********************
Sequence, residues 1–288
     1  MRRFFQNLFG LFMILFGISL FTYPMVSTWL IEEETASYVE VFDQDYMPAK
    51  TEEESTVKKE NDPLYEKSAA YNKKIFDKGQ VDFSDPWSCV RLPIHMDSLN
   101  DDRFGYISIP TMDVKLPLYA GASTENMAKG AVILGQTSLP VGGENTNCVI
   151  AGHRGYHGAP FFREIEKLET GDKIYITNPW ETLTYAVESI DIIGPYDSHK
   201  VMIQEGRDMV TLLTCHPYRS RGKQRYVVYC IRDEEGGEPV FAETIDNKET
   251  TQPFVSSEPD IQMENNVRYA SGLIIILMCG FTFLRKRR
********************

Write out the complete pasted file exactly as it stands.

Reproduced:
Sequence, residues 1–288
     1  MRRFFQNLFG LFMILFGISL FTYPMVSTWL IEEETASYVE VFDQDYMPAK
    51  TEEESTVKKE NDPLYEKSAA YNKKIFDKGQ VDFSDPWSCV RLPIHMDSLN
   101  DDRFGYISIP TMDVKLPLYA GASTENMAKG AVILGQTSLP VGGENTNCVI
   151  AGHRGYHGAP FFREIEKLET GDKIYITNPW ETLTYAVESI DIIGPYDSHK
   201  VMIQEGRDMV TLLTCHPYRS RGKQRYVVYC IRDEEGGEPV FAETIDNKET
   251  TQPFVSSEPD IQMENNVRYA SGLIIILMCG FTFLRKRR